|Publication number||US7651549 B2|
|Application number||US 11/451,663|
|Publication date||Jan 26, 2010|
|Filing date||Jun 13, 2006|
|Priority date||Jun 13, 2006|
|Also published as||CN101088591A, CN101088591B, EP1867379A2, EP1867379A3, EP1867379B1, US20070283807|
|Publication number||11451663, 451663, US 7651549 B2, US 7651549B2, US-B2-7651549, US7651549 B2, US7651549B2|
|Inventors||Roger Dean Whitley|
|Original Assignee||Air Products And Chemicals, Inc.|
|Export Citation||BiBTeX, EndNote, RefMan|
|Patent Citations (31), Non-Patent Citations (4), Referenced by (12), Classifications (24), Legal Events (2)|
|External Links: USPTO, USPTO Assignment, Espacenet|
Pressure swing adsorption is a well-known method for the separation of bulk gas mixtures and for the purification of gas streams containing low concentrations of undesirable components. The method has been developed and adapted for a wide range of feed gases, operating conditions, product purity, and product recovery. Many pressure swing adsorption systems utilize two or more adsorbent beds operated in a cyclic sequence in order to maintain a constant product flow rate while selected beds undergo various steps including adsorption, depressurization, evacuation, purge, pressure equalization, repressurization, and other related steps. Multiple adsorbent beds using numerous process steps are required to achieve high purity and/or recovery of valuable gaseous products such as hydrogen, carbon oxides, synthesis gas, light hydrocarbons, and the like. Multiple adsorbent beds using these process steps also are used to recover oxygen from air for various applications including portable medical oxygen concentrators.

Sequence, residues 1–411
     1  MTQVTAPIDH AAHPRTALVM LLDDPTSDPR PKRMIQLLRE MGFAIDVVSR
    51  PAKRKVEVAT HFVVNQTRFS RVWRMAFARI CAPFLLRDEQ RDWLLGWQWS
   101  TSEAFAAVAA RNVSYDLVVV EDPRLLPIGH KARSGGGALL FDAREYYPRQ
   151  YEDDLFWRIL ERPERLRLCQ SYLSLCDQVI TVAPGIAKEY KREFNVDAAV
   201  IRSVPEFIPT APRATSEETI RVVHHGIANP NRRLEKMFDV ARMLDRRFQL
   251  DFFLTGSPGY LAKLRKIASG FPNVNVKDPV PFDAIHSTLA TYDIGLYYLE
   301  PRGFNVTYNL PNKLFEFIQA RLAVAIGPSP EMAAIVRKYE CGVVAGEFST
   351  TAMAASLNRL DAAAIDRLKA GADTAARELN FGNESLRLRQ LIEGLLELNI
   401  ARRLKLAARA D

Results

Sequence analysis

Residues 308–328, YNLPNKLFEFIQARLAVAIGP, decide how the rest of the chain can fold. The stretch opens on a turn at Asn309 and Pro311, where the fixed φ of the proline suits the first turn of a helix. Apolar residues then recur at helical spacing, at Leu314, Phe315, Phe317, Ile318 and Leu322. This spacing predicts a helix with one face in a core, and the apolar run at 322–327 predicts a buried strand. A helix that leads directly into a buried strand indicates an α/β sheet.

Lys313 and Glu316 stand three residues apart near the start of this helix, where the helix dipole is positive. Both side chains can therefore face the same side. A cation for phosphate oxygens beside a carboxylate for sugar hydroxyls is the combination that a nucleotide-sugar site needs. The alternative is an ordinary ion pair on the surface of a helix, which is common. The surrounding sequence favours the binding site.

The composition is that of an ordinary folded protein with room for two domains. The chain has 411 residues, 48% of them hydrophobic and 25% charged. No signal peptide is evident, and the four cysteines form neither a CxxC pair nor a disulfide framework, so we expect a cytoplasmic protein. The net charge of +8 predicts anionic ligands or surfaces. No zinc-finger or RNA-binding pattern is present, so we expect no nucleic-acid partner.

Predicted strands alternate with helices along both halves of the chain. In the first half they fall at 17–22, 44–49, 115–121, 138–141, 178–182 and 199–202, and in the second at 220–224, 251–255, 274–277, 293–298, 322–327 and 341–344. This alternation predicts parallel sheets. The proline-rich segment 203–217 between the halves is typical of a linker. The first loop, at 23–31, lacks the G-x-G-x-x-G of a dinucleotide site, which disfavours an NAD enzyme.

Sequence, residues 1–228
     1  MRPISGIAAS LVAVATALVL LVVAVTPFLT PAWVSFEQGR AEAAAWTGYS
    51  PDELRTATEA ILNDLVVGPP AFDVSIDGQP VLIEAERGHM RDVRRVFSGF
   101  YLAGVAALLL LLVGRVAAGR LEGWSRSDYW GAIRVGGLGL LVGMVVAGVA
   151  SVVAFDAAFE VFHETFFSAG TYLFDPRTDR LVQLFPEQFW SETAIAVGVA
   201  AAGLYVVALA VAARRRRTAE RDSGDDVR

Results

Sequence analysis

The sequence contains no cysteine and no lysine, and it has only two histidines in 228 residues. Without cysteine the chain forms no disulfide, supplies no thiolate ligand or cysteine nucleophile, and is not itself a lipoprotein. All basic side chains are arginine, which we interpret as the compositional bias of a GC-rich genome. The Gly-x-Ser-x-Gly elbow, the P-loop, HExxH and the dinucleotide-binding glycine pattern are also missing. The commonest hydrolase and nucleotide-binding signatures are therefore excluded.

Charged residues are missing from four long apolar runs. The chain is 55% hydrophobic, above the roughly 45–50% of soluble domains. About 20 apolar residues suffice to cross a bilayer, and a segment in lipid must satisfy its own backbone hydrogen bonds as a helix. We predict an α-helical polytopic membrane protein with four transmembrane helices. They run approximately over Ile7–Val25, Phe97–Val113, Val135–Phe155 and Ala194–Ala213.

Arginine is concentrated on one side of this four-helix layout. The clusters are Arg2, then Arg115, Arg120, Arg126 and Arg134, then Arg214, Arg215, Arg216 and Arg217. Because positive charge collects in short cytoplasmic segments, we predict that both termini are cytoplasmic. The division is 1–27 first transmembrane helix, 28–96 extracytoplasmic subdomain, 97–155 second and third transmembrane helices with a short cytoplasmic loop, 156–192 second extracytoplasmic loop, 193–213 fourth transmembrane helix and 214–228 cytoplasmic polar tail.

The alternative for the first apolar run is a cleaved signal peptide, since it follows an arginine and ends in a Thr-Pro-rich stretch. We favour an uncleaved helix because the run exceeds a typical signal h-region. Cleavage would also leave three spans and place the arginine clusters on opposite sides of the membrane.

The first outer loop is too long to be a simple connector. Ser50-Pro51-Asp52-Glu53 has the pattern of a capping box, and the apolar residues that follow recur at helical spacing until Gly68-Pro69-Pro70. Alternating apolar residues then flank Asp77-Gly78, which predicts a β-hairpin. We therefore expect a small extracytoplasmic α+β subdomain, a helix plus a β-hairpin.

Many of these pressure swing adsorption processes operate partially at pressures below atmospheric and are described in the art as vacuum swing adsorption (VSA) or pressure-vacuum swing adsorption (PVSA) processes. In the present specification, pressure swing adsorption (PSA) is used as a generic term to describe all types of cyclic adsorption systems regardless of operating pressure levels.
In pressure swing adsorption process cycles, the gas needed for the purge and repressurization steps is provided by gas obtained during other process steps. Repressurization can be accomplished by using final product gas, intermediate gas obtained by pressure equalization among beds, feed gas, or combinations thereof. Purge can be provided by intermediate depressurization gas from other beds and/or by final product gas.
Feed repressurization is disclosed in representative U.S. Pat. Nos. 4,406,675 and 5,540,758, and in European Patent Publication No. 0 354 259. The use of product gas for purge and/or repressurization is presented in representative U.S. Pat. Nos. 5,328,503, 5,411,578, 5,429,666, and 5,656,067. U.S. Pat. Nos. 5,330,561 and 5,203,888 disclose bed repressurization using pressurized feed gas or product gas.
It is desirable in pressure swing adsorption processes to minimize the amount of product gas used for purge and repressurization in order to increase product recovery. This can be difficult in many cases because of feed gas composition, product purity requirements, and product recovery requirements. In most pressure swing adsorption processes, for example, there is a tradeoff between product purity and product recovery wherein an increase product purity is accompanied by a decrease in product recovery. There is a need in the art for improved process cycles that allow increased product recovery at higher product purity levels, and this need is addressed by the invention described below and defined by the claims that follow.